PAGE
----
Create A Simple Letter Press Effect in Photoshop

Letter Press

Letter Press typography is very popular at the moment in both web and graphic design. Here’s a little step-by-step tutorial that will make you master the letter press effect for sure.

Step One: Create A Document

First things first, create a new document with a 800 X 600 pixels in size and make sure it’s set to transparent background.
LetterPress

Step Two: The Background

For the background, I will be using a very regular and simple gray color #7f7f7f, you can just use the Paint Bucket tool (G) and fill your layer out.
LetterPress
LetterPress

Step Three: Adding Text

Now using the Text Tool, type something! I am using a font that you can download for free called Honey Script, with the color #414141, and the size is 200 pt.
LetterPress
Click on the little icon that looks like multiple tabs for more options.
Then match your settings to mine.
LetterPress
LetterPress
LetterPress

Step Four: Drop Shadow

On your text layer, right click and select “Blending Options”, then go to “Text Shadow”. Match your setting to mine.
LetterPress
LetterPress
The reason I want the drop shadow to be white is because my background is dark, if you want a light background, you can keep the default drop shadow settings but maybe change the size, distance and opacity (shown above).

Step Five: Inner Shadow

Now select “Inner Shadow”, and match your settings to mine.
LetterPress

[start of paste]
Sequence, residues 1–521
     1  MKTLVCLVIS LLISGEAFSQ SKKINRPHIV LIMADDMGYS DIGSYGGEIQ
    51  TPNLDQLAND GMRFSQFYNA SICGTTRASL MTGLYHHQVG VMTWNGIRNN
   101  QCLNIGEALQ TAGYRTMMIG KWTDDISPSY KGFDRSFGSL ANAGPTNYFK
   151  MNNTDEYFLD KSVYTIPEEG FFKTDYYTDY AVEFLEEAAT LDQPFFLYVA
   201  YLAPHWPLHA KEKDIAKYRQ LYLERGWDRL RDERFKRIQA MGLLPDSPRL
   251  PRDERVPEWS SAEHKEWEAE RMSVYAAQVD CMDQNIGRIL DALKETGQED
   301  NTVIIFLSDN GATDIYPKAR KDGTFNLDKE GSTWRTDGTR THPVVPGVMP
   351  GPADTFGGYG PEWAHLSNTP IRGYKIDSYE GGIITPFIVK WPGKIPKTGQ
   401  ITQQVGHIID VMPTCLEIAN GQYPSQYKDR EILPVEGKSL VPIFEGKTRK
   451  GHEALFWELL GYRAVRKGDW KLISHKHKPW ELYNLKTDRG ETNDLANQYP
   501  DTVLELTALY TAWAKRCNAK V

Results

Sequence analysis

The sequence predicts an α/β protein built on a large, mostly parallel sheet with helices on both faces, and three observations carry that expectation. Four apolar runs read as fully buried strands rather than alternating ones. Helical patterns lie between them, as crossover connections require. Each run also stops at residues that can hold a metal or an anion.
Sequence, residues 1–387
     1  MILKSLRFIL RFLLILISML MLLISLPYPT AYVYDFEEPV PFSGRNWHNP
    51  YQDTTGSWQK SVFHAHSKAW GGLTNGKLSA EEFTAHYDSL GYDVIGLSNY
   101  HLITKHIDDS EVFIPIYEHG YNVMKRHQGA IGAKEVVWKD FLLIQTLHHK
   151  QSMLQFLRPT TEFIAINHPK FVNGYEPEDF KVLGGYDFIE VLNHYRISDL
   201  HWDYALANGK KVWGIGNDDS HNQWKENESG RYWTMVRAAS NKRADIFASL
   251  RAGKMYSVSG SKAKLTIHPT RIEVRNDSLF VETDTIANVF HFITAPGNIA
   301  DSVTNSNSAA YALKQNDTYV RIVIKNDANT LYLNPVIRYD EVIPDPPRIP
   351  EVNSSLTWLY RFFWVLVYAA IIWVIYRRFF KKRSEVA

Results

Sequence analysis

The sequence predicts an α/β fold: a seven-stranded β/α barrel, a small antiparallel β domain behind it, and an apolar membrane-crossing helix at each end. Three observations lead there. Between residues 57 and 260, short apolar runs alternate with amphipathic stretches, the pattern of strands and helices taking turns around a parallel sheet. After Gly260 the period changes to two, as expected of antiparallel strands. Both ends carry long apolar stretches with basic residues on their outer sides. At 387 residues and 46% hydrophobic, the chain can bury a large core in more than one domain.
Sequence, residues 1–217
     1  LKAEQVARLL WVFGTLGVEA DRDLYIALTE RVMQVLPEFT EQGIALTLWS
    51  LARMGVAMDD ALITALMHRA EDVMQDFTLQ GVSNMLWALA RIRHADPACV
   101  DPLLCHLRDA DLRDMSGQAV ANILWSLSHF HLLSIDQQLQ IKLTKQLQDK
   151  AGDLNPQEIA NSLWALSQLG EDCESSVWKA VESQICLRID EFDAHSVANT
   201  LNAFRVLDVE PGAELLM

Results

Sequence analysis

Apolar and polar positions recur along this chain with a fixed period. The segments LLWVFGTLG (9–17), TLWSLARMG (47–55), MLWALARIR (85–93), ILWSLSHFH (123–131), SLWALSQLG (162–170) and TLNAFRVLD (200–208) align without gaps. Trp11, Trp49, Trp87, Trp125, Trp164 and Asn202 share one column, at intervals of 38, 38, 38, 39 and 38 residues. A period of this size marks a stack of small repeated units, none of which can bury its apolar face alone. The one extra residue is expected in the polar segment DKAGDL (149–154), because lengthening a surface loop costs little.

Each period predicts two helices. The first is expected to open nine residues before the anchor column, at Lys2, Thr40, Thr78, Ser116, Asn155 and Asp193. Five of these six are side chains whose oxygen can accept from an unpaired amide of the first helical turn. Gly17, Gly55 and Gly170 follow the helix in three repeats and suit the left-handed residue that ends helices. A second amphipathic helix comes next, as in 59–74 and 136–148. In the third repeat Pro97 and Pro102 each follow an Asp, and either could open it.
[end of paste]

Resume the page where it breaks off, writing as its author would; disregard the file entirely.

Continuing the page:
This setting should work fine with both light and dark backgrounds.
So, we are now done with the text.
LetterPress

Step Six: Add A Little Something

Now let’s add some effects to our poster. On your color panel, make the foreground color #686868 and your background color #7f7f7f.
LetterPress
Now go to your background layer, and then go to Filter > Render > Clouds.
LetterPress
LetterPress

Step Seven: Some Color Would Look Nice

Make a new layer and place it between the background and the text layers. Now fill it with a gradient of a foreground #d71069 and the background #c61061. And make a line from the middle of the poster to the bottom left.
LetterPress
LetterPress
Set the layer to Overlay.
LetterPress

Step Five: Merge Everything, And You’re Done!

Merge all visible layers by right clicking and choosing Merge All Visible.
LetterPress

That’s all folks! Here’s how my final image looks like. (Click on the preview to see it in full size)
LetterPress

Written By Nina

Haneen (Nina) Krimly is a 19 year old freelance blogger, photographer and designer. She's the main owner of Junkiee.Net. Nina is an Adobe certified associate for Photoshop, Illustrator and Dreamweaver. She is currently a full time student in Jeddah, Saudi Arabia. (Twitter | Flickr | DeviantART)

8 Comments

  1. Eli

    March 18th, 2010 at 06:53 am

    You can also add a 1px distance shadow with an angle of 90° @ normal blending mode.
    I got an article about it on my site too.

  2. Sp0nky

    May 2nd, 2010 at 03:51 am

    I love this site :) thx :)

  3. Design Earth

    May 4th, 2010 at 12:24 pm

    Nice tut, thanks

  4. nora

    November 15th, 2010 at 10:08 pm

    I think it would be cool to have this website

  5. faraz

    March 15th, 2011 at 04:10 am

    A simple one but yet a resourceful tutorial….thanks for sharing

  6. kit

    June 8th, 2011 at 03:39 pm

    A nice tutorial, but it’s a little frustrating that the examples are so full of artifacts from compression. While I can understand compressing the screen captures, using a hot pink (or anything in the red family) with black text and then compressing it in a JPEG format tends not to come out well. If the viewer is very familiar with what a letterpress effect is, it doesn’t matter. However, if the viewer isn’t familiar with the term, the quality of the example image actually impedes the viewers ability to discern what the actual effect is. (I had to look it since I was unfamiliar with the term myself)

  7. Morgan & Me Creative

    November 24th, 2011 at 11:10 am

    Great tip. Very useful for typographic heavy themed designs.

What Do You Think?